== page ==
The Travel Award with the IQ Biology program is intended to encourage current IQ Biology students to attend a professional conference outside of their primary discipline, attend an interdisciplinary conference, or visit another principal investigator with a goal of interdisciplinary study. Students can apply in any year; however, this award will be granted once during their graduate studies. Once awarded, the student with create a presentation and upon return, the student will publish a brief travel blog post on the BioFrontiers’ website. Funds will cover the cost of travel, food, materials, or registration fees. Travel expenses, food, and non-alcoholic beverages will be reimbursed up to $1000. Receipts must be submitted along with a form for reimbursement. Current students can view these guidelines and apply on the IQ Biology website.
CEUCE Travel Awards
The BioFrontiers Institute and the Colorado European Union Center of Excellence (CEUCE) are collaborating on an opportunity to send an undergraduate student to a research conference, workshop or laboratory in the European Union. CEUCE priorities are to provide students the opportunity to visit Europe to gain a first-hand appreciation of science in the EU. The student’s research area must be within the mission of the BioFrontiers Institute. CEUCE aims to expand the reach of the EU Centers Program to the dynamic and growing Mountain West region. On campus, the center supports the development of new courses and enrichment of existing courses to bring EU and transatlantic topics into the undergraduate and graduate curricula. Offering fellowships, internships, and research grants, CEUCE strives to create opportunities for students outside of the classroom.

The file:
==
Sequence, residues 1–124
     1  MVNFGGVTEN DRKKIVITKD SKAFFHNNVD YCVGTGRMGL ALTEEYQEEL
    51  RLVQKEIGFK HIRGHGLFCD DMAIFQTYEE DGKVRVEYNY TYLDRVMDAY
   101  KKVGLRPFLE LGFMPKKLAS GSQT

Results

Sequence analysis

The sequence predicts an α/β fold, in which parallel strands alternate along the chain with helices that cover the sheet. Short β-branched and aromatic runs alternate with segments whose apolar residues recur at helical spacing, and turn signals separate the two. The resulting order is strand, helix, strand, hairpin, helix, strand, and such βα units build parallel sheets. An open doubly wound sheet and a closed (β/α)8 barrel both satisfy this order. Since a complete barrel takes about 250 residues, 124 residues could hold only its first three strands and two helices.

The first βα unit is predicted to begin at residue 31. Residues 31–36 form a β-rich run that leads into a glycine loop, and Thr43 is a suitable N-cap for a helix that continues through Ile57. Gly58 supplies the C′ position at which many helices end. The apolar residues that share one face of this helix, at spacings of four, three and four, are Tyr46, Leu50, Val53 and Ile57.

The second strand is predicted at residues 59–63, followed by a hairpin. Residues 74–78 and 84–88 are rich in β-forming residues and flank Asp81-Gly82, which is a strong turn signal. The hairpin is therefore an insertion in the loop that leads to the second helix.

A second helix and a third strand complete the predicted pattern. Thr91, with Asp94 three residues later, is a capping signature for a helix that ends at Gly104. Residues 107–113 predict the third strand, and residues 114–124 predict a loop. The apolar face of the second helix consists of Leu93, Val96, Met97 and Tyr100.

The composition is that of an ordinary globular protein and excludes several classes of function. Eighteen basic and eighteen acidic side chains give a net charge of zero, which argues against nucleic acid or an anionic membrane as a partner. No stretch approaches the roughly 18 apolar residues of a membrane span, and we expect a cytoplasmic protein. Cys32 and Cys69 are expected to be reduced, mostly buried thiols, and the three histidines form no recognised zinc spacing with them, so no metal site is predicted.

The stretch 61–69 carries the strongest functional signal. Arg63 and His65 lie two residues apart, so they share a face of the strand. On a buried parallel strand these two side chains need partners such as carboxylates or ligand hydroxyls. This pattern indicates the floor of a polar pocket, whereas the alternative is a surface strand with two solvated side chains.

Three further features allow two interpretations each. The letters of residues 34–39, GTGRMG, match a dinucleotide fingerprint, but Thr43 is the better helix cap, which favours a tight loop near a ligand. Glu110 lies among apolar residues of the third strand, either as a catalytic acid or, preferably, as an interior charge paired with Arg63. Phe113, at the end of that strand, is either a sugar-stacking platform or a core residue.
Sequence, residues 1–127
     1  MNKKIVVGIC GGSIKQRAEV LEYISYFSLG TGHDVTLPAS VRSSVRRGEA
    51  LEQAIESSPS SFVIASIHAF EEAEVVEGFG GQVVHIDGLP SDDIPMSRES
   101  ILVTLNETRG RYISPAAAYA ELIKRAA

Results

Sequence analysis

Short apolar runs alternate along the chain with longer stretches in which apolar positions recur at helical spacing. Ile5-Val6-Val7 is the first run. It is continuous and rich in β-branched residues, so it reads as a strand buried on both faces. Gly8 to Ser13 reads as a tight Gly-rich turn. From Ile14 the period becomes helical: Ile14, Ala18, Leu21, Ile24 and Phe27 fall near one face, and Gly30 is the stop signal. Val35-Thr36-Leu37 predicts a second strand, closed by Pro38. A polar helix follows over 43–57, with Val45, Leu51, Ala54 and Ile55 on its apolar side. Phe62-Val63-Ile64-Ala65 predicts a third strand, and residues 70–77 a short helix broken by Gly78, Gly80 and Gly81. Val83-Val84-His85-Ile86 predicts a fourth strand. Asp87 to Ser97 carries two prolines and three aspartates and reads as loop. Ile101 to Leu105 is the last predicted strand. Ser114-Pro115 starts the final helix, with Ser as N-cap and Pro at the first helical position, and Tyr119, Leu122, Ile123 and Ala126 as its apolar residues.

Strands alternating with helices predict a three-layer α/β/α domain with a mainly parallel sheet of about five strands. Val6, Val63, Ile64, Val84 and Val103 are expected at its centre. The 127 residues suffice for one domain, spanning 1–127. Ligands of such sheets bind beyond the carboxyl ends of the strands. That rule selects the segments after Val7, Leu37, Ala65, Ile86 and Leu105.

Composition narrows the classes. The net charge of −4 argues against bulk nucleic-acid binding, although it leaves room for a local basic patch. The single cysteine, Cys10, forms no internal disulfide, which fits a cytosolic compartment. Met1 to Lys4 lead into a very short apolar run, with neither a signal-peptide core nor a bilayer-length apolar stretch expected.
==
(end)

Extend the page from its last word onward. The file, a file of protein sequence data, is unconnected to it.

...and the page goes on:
Goeddel Scholarships for IQ Biology Students
David Goeddel provided direct support to cover the stipend, tuition and fees for one graduate student. Goeddel is a pioneer of the biotechnology industry who, employed at the time by Genentech, successfully used genetic engineering to coax bacteria into creating synthetic human insulin, human growth hormone, and human TPA for use in therapeutic medicine. Besides being perhaps the single most important contributor to Genentech's rise to one of the nation's premier biotech companies, his extraordinary drive and competitive work ethic embodied Genentech's early "Clone or Die" culture. Together with Steve McKnight and Robert Tjian, he founded Tularik in 1991, and was President and CEO until Tularik was acquired by Amgen for $1.3 billion in 2004. He is a member of the National Academy of Sciences, a recipient of the Eli Lilly Award in Biological Chemistry and the Scheele Medal from the Swedish Academy of Pharmaceutical Sciences. David earned a B.S. in Chemistry from the University of California, San Diego.